Following the original publication of the MSCEIT and Bar-On scales, both of which have undergone revisions, other newer scales have also been developed that are grounded in empirical evidence. This book will focus on tests that have been extensively studied and researched and even some new tests that have been subjected to at least some validity testing – that is, show some form of validity (e.g., internal, test-retest) or demonstrate some form of validity (e.g., face, discriminant or external). Some of these new tests have been used in different countries or in specific applications such as in sports psychology. The area of test development is emerging quickly and there is a lot of confusion, particularly for practitioners and people who want EI to be implemented in certain environments. A book that canvasses the existing tests, presents information on how they were developed, their psychometric properties, how they can be applied, and so forth, will be very well received and popular given the size of the EI market worldwide now. As mentioned, these measures not only reflect the current theoretical models describing EI, but become the very tools that are used to validate the construct. At the same time, practitioners are raising questions about the variations in EI scales and the resulting different factors, which, in turn, influence how this information will be presented to and used by consumers (e.g., individuals, corporations, research programs).

 
Current Advances in EI Assessment and Application.- Psychometrics and the Measurement of Emotional Intelligence.- An Ability Model of Emotional Intelligence: A rationale, description, and application of The Mayer Salovey Caruso Emotional Intelligence Test (MSCEIT).- Assessing Emotional Intelligence using the Emotional Quotient Inventory (EQ-i) and Related Instruments.- Psychometric properties of the Trait Emotional Intelligence Questionnaire (TEIQue).- The Genos Emotional Intelligence Inventory.- The Assessing Emotions Scale.- The Importance and Training of Emotional Intelligence at Work.- Performance Based Measures and Practical Validity.- The Application of Emotional Intelligence in Industrial and Organizational Psychology.- Emotional Intelligence and Physical Health.- Emotional Intelligence and Clinical Disorders.- The Role of Emotional Intelligence in Education.- Emotional Intelligence Across Cultures: Theoretical and Methodological Considerations.- Emotional Intelligence in Sport: Theoretical Linkages and Preliminary Empirical Relationships from Basketball.- Understanding the Neurobiology of Emotional Intelligence: A review.- New Directions and Alternative Approaches to the Measurement of Emotional Intelligence.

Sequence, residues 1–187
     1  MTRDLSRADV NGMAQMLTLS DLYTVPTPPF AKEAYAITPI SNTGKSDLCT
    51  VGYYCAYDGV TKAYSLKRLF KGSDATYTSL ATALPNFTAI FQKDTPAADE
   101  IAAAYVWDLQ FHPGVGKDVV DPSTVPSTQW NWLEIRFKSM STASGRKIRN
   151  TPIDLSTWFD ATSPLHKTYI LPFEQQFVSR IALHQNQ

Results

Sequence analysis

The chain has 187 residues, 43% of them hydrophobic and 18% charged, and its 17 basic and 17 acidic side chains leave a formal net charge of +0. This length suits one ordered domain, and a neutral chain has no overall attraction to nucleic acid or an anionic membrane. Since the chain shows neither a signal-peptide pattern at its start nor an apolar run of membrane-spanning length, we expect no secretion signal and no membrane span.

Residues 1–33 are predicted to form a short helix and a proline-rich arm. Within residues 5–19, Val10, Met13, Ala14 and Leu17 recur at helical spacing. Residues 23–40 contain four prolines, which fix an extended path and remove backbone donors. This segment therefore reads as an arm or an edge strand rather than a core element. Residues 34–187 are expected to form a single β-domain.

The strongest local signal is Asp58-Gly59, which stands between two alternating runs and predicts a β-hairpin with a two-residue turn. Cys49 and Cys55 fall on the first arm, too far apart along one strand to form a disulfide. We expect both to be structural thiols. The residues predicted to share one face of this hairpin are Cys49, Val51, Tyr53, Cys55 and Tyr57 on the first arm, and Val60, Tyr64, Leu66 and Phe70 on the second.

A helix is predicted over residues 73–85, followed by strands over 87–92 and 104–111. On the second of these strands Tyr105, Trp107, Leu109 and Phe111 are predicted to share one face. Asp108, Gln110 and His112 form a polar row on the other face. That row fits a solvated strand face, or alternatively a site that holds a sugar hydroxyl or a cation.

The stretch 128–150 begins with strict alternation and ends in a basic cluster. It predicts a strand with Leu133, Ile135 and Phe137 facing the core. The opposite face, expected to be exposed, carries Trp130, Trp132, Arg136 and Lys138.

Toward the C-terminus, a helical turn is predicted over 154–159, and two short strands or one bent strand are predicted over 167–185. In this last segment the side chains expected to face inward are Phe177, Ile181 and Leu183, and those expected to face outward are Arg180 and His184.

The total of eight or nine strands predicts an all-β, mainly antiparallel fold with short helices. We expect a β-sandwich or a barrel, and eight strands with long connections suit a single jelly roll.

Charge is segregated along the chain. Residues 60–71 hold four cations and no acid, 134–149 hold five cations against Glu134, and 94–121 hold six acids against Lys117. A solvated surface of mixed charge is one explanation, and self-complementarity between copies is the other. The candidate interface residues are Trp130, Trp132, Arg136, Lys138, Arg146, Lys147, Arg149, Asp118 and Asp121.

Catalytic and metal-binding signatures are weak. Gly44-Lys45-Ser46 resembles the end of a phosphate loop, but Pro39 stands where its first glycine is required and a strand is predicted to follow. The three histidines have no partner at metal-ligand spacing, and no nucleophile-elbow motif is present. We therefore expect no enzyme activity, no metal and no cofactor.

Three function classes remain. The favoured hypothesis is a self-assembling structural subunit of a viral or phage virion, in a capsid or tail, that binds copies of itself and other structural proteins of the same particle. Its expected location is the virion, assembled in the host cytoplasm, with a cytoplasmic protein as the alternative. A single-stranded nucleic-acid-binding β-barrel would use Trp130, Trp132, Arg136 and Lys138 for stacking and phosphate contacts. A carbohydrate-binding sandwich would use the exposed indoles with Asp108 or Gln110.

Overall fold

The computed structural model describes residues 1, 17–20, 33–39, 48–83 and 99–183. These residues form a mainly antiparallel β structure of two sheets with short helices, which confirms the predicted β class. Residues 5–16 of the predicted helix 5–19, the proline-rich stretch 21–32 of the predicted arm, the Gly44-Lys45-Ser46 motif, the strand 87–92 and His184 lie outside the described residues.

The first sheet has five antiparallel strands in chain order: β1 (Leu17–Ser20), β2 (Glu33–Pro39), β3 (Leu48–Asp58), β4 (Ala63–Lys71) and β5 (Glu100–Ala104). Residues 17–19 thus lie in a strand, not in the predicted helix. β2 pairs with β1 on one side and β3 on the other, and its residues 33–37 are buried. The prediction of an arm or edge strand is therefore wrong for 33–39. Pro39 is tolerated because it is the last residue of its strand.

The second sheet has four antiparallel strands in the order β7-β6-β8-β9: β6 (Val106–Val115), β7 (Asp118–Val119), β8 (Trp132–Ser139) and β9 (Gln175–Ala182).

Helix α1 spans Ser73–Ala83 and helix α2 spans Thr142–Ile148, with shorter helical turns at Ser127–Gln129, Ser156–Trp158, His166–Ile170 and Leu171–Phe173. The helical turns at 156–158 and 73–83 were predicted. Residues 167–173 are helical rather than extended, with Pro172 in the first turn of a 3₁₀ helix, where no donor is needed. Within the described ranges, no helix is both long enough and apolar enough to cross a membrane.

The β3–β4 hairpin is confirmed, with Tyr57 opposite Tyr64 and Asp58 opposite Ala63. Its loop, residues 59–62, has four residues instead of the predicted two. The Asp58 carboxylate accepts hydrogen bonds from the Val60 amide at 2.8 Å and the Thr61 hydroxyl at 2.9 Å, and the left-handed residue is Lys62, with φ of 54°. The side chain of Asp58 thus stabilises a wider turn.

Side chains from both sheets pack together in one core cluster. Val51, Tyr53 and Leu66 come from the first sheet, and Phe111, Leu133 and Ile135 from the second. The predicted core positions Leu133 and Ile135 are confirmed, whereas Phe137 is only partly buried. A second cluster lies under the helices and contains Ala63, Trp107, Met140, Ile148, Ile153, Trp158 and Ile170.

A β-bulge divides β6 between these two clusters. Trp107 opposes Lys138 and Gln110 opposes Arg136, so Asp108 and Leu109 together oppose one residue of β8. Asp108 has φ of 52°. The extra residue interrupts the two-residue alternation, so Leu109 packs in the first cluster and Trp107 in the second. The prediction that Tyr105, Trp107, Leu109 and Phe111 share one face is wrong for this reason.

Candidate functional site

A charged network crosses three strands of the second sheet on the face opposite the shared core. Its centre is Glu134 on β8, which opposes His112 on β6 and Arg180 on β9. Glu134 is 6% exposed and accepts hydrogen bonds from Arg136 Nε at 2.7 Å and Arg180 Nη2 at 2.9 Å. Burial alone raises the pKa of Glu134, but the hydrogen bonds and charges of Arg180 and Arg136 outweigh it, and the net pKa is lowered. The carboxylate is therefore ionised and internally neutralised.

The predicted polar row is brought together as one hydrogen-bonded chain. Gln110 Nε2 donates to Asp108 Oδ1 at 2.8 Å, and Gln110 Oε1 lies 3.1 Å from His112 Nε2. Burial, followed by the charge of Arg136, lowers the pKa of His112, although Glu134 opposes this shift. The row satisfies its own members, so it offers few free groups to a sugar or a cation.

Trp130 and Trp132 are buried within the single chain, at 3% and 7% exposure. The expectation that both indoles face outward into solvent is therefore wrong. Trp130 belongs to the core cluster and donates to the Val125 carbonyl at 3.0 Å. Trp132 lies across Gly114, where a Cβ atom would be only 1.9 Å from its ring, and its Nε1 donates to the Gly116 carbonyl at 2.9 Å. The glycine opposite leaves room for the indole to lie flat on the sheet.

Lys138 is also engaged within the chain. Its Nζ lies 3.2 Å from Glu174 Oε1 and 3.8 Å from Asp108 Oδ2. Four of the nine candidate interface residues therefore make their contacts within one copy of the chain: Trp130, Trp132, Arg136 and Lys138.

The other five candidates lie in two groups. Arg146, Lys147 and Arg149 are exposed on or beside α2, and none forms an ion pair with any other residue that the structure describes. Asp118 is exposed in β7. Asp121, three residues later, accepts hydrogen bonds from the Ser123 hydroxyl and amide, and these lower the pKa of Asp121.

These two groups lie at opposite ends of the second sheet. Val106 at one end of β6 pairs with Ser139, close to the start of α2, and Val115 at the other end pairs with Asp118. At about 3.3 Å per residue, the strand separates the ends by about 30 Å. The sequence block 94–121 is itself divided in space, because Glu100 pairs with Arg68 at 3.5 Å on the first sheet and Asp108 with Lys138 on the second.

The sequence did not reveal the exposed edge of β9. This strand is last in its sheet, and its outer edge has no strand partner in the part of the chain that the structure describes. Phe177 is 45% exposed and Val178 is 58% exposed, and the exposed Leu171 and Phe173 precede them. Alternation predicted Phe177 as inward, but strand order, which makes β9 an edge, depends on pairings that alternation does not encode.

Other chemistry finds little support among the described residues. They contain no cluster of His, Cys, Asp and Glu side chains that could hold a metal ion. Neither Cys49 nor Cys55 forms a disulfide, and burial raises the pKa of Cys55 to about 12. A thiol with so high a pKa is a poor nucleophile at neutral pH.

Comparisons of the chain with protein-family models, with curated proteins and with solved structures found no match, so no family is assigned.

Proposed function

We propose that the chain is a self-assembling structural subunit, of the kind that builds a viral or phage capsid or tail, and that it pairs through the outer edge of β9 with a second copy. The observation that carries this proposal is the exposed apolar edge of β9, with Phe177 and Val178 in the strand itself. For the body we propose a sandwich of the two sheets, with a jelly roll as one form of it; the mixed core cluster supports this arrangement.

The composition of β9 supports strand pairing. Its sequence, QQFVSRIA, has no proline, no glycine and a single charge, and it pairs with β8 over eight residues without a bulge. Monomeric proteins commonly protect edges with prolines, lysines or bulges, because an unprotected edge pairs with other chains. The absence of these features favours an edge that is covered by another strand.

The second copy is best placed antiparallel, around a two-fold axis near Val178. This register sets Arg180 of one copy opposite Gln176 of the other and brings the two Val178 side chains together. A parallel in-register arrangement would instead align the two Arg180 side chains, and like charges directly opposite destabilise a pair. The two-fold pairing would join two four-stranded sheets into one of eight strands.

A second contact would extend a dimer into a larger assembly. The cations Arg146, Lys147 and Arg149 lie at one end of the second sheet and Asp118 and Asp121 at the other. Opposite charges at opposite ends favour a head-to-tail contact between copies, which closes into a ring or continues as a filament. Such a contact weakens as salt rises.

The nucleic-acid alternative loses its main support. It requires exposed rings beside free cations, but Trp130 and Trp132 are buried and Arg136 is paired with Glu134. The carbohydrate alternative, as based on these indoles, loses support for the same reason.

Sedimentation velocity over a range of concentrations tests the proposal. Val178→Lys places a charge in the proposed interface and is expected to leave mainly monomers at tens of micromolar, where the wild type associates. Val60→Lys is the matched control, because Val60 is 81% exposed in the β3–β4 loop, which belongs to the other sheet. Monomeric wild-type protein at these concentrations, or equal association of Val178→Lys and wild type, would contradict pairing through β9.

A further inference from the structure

Donald Saklofske, Ph.D., is a Professor in the Division of Applied Psychology at the University of Calgary. He is also an Adjunct Professor at the University of Saskatchewan and Swinburne University, Australia. He is a Fellow of the Canadian Psychological Association and the Association for Psychological Science. Dr. Saklofske has published more than 150 journal articles and book chapters on intelligence, personality, individual differences and psychological assessment. In addition, he has written or edited books on the Wechsler intelligence scales, personality and intelligence, exceptional children, and educational psychology. He is the Editor of the Journal of Psychoeducational Assessment and the Canadian Journal of School Psychology and Associate Editor of Personality and Individual Differences.

Con Stough, Ph.D., is a professor in cognitive neuroscience at Swinburne University, Australia.
Managing human emotions plays a critical role in everyday functioning. After years of lively debate on the significance and validity of its construct, emotional intelligence (EI) has generated a robust body of theories, research studies, and measures. Assessing Emotional Intelligence: Theory, Research, and Applications strengthens this theoretical and evidence base by addressing the most recent advances and emerging possibilities in EI assessment, research, and applications.

This volume demonstrates the study and application of EI across disciplines, ranging from psychometrics and neurobiology to education and industry. Assessing Emotional Intelligence carefully critiques the key measurement issues in EI, and leading experts present EI as eminently practical and thoroughly contemporary as they offer the latest findings on:



EI instruments, including the EQ-I, MSCEIT, TEIQue, Genos Emotional Intelligence Inventory, and the Assessing Emotions Scale.


The role of EI across clinical disorders.


Training professionals and staff to apply EI in the workplace.


Relationships between EI and educational outcomes.


Uses of EI in sports psychology.


The cross-cultural relevance of EI.


As the contributors to this volume in the Springer Series on Human Exceptionality make clear, these insights and methods hold rich potential for professionals in such fields as social and personality psychology, industrial and organizational psychology, psychiatry, business, and education.
Presents a rich treatment of EI measurement and assessment in various settings
Critically reviews the major measurement issues in EI and explores future assessment techniques
Provides an introduction, critique, and summary chapters to surround the chapters that describe specific scales
Provides information that is of relevance across disciplines ranging from psychology to education and industry